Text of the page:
Other observations – when it comes to the NYMEX May CL contract going off the board, supply and demand factors and knowledge of the storage situation had signalled to experienced market players that crude needed to price somewhat aggressively anyway in order to clear at the hub. The lack of storage capability meant that significant paper positions had to be liquidated or could not be fulfilled via delivery.

DB: Does that mean significant changes are needed to the mechanism itself?

EB:  It should be seriously considered, but not be in haste and should be well discussed with industry relative to overall effects. On the options side, NYMEX/CME announced they are moving to a Bachelier-based options pricing model from Black-Scholes, in order to make provision for negative prices relative to the underlying commodity. ICE (InterContinental Exchange) has made a similar announcement that they will tweak their models accordingly, if and as needed.

Also, there are, of course, also other contract options for commercial players and hedgers who wish to not be subject to the vagaries of NYMEX & associated logistics @ Cushing, and by which physical conversion can take place via the EFP mechanism.

Back to the point – exchanges tend to make necessary changes when they really need to.  Sometimes it’s slower than desired and they need a push; this likely will spur some changes. Position limit changes both relative to timing and size are an option that has been discussed, but that would have other potential effects, such as pushing speculative interest down the curve and into deferred futures, shifting liquidity, and potentially affecting commercial hedgers. So, the point is that changes can have their own effects, which means anomalies should be studied and understood with care, and networked with industry before a change is made.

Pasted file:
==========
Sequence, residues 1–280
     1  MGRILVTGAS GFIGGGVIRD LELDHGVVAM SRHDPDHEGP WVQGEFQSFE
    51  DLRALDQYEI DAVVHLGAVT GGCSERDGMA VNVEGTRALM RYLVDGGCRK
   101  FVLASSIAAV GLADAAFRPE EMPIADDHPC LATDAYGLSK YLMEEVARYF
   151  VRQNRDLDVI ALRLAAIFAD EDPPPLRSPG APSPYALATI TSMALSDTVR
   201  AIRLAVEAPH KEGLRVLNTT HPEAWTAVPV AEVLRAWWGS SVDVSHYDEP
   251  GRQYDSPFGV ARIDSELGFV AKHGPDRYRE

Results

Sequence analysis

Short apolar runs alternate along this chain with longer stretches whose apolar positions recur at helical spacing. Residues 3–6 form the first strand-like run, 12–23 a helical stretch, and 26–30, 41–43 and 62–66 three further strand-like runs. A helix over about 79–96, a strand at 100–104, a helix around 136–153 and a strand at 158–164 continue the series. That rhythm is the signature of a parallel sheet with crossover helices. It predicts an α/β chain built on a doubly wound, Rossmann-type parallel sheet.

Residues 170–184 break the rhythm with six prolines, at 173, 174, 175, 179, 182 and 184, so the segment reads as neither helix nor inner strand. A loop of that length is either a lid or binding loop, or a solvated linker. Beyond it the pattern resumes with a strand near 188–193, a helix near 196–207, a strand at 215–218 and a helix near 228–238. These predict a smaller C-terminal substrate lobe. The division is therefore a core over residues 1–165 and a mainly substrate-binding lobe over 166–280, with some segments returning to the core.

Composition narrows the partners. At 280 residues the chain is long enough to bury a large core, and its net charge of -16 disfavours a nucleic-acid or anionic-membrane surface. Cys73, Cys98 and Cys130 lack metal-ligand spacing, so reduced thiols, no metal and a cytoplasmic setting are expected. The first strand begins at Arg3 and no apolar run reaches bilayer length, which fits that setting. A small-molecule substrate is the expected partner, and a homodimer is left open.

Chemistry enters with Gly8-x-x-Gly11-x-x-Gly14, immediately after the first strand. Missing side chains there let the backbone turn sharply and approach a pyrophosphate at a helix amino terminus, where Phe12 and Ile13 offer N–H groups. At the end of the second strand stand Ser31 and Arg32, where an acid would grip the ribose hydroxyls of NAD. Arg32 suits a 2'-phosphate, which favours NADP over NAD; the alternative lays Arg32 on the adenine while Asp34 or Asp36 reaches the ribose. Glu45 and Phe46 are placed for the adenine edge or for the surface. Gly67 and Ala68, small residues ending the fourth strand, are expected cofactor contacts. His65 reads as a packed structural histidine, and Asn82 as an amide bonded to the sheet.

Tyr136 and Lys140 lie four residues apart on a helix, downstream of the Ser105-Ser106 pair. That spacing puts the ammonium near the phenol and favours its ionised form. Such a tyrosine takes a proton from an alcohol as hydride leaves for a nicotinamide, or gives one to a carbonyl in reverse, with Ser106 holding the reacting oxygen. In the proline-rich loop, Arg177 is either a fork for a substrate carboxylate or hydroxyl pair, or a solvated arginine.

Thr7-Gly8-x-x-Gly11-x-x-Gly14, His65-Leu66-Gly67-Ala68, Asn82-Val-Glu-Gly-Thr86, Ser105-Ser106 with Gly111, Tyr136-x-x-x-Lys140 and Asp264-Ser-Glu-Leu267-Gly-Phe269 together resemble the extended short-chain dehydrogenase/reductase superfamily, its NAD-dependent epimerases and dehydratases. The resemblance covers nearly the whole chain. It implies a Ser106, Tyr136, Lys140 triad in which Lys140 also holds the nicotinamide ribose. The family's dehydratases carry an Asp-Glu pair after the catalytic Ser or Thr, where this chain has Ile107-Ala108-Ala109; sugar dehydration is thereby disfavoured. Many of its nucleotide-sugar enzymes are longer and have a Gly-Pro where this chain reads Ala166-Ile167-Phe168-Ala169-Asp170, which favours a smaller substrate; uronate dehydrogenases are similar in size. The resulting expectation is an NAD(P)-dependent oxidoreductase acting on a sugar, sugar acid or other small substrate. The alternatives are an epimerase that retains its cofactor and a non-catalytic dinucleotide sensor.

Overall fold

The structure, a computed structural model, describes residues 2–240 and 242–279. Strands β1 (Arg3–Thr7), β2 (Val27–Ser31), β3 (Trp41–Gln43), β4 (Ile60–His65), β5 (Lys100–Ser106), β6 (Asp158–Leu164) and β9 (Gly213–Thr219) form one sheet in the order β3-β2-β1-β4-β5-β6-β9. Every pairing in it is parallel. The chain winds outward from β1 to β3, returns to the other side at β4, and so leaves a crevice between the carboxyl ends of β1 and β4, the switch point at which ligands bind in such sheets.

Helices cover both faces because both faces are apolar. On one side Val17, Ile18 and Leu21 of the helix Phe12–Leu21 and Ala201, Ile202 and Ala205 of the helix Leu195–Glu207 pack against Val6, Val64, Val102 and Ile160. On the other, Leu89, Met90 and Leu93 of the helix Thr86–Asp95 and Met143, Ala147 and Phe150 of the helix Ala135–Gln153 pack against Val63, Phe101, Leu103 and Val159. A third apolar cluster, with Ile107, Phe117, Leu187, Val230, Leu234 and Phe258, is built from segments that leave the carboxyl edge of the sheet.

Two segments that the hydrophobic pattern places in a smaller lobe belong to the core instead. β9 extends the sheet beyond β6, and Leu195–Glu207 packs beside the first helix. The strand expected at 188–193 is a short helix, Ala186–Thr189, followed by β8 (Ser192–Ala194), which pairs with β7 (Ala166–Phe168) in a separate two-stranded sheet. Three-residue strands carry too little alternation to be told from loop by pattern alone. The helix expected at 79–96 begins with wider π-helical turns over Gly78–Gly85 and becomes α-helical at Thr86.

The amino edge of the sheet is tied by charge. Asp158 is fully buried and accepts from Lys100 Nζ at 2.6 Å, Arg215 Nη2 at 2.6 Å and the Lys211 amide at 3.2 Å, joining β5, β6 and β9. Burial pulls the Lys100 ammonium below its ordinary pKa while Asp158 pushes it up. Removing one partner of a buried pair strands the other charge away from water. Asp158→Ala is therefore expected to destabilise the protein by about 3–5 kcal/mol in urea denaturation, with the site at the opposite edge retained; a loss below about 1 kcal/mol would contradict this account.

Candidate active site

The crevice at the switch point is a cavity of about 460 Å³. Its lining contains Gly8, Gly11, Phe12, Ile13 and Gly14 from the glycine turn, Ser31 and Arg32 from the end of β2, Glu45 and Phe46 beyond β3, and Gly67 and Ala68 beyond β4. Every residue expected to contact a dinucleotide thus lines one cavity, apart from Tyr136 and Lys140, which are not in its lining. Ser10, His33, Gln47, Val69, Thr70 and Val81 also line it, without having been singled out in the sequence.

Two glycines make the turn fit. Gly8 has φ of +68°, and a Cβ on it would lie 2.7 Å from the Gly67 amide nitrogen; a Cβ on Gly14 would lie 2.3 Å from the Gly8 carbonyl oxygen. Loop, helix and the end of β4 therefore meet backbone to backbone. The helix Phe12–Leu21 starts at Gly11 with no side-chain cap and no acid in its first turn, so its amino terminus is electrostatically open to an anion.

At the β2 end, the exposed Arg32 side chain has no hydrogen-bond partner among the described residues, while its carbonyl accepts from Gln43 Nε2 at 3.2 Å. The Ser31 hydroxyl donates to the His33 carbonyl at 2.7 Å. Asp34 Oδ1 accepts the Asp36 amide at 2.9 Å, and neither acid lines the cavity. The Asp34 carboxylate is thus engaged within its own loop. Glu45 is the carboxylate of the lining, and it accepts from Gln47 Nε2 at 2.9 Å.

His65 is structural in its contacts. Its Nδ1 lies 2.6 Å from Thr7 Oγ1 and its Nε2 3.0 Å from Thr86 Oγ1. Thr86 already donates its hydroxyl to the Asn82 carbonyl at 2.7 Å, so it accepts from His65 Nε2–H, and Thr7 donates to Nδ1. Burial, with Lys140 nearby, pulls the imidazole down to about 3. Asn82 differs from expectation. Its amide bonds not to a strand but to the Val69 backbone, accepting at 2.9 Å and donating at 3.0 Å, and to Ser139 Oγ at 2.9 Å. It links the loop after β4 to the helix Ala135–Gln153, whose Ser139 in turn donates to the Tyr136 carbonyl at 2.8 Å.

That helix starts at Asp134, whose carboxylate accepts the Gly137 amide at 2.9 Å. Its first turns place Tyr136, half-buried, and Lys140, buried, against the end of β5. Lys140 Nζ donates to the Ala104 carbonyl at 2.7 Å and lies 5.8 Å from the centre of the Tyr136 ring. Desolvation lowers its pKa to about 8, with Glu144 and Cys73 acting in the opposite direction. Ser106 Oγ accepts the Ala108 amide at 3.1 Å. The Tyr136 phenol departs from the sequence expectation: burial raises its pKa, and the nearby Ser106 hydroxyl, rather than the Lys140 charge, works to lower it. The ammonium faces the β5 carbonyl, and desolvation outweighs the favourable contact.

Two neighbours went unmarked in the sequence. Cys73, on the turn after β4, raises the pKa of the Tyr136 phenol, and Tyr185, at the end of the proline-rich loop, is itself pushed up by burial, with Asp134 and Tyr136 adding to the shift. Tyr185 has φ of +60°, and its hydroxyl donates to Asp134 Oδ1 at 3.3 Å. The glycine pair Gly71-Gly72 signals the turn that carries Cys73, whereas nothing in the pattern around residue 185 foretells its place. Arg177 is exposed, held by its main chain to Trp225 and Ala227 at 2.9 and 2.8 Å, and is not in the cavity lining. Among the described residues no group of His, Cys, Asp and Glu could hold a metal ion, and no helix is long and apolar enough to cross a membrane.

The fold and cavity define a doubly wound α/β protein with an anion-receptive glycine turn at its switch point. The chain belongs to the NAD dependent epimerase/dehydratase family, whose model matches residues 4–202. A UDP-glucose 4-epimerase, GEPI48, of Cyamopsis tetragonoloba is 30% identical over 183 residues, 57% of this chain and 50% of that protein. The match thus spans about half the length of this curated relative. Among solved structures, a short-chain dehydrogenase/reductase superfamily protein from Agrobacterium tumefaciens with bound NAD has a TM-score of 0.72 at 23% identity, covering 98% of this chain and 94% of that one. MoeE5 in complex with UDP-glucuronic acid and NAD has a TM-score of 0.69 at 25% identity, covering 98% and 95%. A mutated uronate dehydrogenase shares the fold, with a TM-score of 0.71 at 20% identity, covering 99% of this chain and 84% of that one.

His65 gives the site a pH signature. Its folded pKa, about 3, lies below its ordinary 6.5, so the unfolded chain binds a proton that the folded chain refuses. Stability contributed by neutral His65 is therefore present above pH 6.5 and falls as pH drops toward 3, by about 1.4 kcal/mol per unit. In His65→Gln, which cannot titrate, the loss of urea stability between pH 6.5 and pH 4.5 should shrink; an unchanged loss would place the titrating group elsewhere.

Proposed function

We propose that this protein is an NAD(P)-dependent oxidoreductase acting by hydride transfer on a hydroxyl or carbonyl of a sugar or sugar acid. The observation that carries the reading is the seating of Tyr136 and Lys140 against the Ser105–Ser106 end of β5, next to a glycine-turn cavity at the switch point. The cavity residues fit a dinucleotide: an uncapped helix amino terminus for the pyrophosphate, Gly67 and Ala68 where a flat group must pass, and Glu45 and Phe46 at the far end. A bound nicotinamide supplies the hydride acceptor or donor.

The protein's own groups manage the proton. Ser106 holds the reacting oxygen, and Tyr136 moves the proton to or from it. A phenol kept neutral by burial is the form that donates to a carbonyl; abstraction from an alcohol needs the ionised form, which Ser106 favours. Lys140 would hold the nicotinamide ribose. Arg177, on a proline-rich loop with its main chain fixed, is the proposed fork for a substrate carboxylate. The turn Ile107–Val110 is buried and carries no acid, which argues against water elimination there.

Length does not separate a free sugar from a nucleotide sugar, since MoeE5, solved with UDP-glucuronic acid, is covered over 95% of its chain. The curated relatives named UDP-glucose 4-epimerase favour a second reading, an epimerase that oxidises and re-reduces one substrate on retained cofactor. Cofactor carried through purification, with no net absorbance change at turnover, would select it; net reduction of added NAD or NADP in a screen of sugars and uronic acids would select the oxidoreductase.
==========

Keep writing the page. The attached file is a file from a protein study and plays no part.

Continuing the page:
Relative to the trading risk community, it is also revisiting Value at Risk (VaR) models across the board in order to best and most accurately report VaR to senior executives and boards. These changes are prudent but should never be taken to avoid reporting risk altogether.

Finally, as I mentioned, note that there were in fact significant Supply / demand imbalances, although obviously not truly to the extreme of the final “print”.   On both a global and regional basis, the price direction signalled that production cuts were necessary, and those were already in train, the market could not reflect this in time for May NYMEX CL trading taking place in April. For June NYMEX CL expiry, crude logistics were not in deficit to the extent that they were the month earlier and this, combined with lower production, led to a smoother expiry for June NYMEX CL in May.

If markets are more volatile and metrics are blowing up, talk about that and do not hide it. Don’t tweak your models solely to avoid conversations with the top of the company, because that is not protecting shareholders. If it is measured, it is meant to be managed, so manage it.

DB: Volatility of this kind inevitably attracts the attention of regulators. What should the prudent trading risk executive be concerned about nowadays with regards to regulatory scrutiny?

EB: First, I would note that the traded liquid commodities markets have generally been volatile in recent years. The differences recently are that the absolute size and velocity of the moves has been massive and seasonality now seems to be irrelevant, particularly for clean products. Periods of illiquidity have exacerbated the issue.